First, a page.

At 4:15 p.m. on the 23rd of December, we had a 5 lbs, 3 oz baby girl. I held her briefly until an ambulance transported her to Driscoll Children’s Hospital with my dad and her dad chasing behind in our red VW bug. The nurses dubbed her “Shrimpy” because she was tiny and pink and stayed curled tight. After a few days of making sure lungs and heart were good, we came home.
I’ve always thought that incompetent parents raise competent children. What choice does the poor kid have? That would explain GE. All parents think their child is The Best and I’m no exception. Georgie is my daughter, my friend, and my hero. She was born pragmatic. The first time she got a bad enough bump on the head for us to consider the emergency room, she said to her freaking out parents, “Just give me a mirror and let me look at it.” She was 4 at the time.
She had a mind of her own from birth and a unique sense of who she is and how she wants to be perceived. When she was 11, she played a poor beggar child in the Christmas play at church. A look of dismay came over her face when she saw the costume I’d put together for her. “I may be poor, but I don’t have to have bad taste, Mother!” She put together her own costume.
Georgie is a compassionate and kind woman, a loyal daughter. My refrigerator died yesterday and as I was emptying the contents in preparation for the new fridge, I found 2 gel eye masks in the freezer. Georgie bought them the week after Jack died. She was determined that I wouldn’t sleep alone. It’s my habit to fall asleep with the light on, wake and read for a bit, and drift back to sleep. Georgie’s a sleep-in-absolute-pitch-black-darkness-not-a-crack-of-light sleeper. She bought those masks so she could stay in the room at night with me. They didn’t work. She ended up repainting my bathroom while I slept.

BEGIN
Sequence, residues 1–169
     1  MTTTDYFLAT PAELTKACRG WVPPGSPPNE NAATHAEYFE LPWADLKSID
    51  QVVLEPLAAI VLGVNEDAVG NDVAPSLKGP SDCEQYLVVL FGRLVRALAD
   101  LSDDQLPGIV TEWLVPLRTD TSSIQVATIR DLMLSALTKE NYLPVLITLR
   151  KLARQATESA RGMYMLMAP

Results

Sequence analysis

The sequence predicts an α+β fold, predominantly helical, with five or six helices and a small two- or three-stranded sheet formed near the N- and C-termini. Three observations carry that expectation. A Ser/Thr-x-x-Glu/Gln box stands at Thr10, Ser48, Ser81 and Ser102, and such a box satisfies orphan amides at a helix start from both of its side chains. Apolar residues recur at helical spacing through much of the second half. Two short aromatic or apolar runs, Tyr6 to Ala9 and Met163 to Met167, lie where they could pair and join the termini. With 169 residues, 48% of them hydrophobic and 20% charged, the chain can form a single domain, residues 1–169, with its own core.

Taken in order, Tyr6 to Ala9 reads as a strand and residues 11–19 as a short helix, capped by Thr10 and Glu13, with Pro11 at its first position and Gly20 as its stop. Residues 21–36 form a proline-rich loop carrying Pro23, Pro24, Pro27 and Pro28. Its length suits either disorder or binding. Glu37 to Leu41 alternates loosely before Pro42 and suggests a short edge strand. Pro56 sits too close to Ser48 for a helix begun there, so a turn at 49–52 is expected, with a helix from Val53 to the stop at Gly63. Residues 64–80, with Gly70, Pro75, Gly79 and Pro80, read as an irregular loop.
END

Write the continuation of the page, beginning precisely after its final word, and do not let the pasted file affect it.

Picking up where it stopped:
I learned two important lessons in parenting my daughter. Before Georgie was born, I told a friend that I didn’t see how I could raise a teenager. (“You haven’t had the baby yet. Why are you worrying about raising a teenager?” he asked. Because I’ve been such a lousy daughter, I’m scared I’ll get divine retribution and she’ll be just like me and I’ll never be able to raise her! “Trust me. Every experience that she has will be a building block to the next experience. You can’t raise a teenager now. You will have an infant. She will raise you just like you raise her. By the time you have a teenager, you’ll be ready.”)
When she was born, her Granny looked lovingly at Georgie’s tiny body and said, “This is the best time ever. You will never have a better time with your child.” That made me sad because I was so afraid as a mother, so scared that I couldn’t take care of that little one. I wasn’t having a best time ever. I wasn’t having a good time at all!
What I found is that there hasn’t been a time that wasn’t the “best time ever.” Every event, every day that I have had as Georgie’s mother has been a chance to know a miracle. That was true on December 23, 1974 and it is true on December 22, 2011, Georgie’s Birthday Eve.
Happy Birthday, Georgie Elizabeth Curnutte Arenaz!